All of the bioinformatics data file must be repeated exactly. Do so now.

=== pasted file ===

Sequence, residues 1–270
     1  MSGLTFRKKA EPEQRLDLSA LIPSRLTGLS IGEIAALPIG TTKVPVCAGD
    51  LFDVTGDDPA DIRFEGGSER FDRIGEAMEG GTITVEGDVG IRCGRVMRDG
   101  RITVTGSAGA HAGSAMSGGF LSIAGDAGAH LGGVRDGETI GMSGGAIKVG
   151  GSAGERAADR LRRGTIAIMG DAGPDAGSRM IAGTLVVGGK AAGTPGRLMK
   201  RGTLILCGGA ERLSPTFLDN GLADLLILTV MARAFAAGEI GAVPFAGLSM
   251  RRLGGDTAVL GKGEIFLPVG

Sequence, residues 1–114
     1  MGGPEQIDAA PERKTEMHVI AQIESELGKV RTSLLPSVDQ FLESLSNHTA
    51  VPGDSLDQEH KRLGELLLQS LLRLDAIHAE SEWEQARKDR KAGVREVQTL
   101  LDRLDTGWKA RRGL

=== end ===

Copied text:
Sequence, residues 1–270
     1  MSGLTFRKKA EPEQRLDLSA LIPSRLTGLS IGEIAALPIG TTKVPVCAGD
    51  LFDVTGDDPA DIRFEGGSER FDRIGEAMEG GTITVEGDVG IRCGRVMRDG
   101  RITVTGSAGA HAGSAMSGGF LSIAGDAGAH LGGVRDGETI GMSGGAIKVG
   151  GSAGERAADR LRRGTIAIMG DAGPDAGSRM IAGTLVVGGK AAGTPGRLMK
   201  RGTLILCGGA ERLSPTFLDN GLADLLILTV MARAFAAGEI GAVPFAGLSM
   251  RRLGGDTAVL GKGEIFLPVG

Sequence, residues 1–114
     1  MGGPEQIDAA PERKTEMHVI AQIESELGKV RTSLLPSVDQ FLESLSNHTA
    51  VPGDSLDQEH KRLGELLLQS LLRLDAIHAE SEWEQARKDR KAGVREVQTL
   101  LDRLDTGWKA RRGL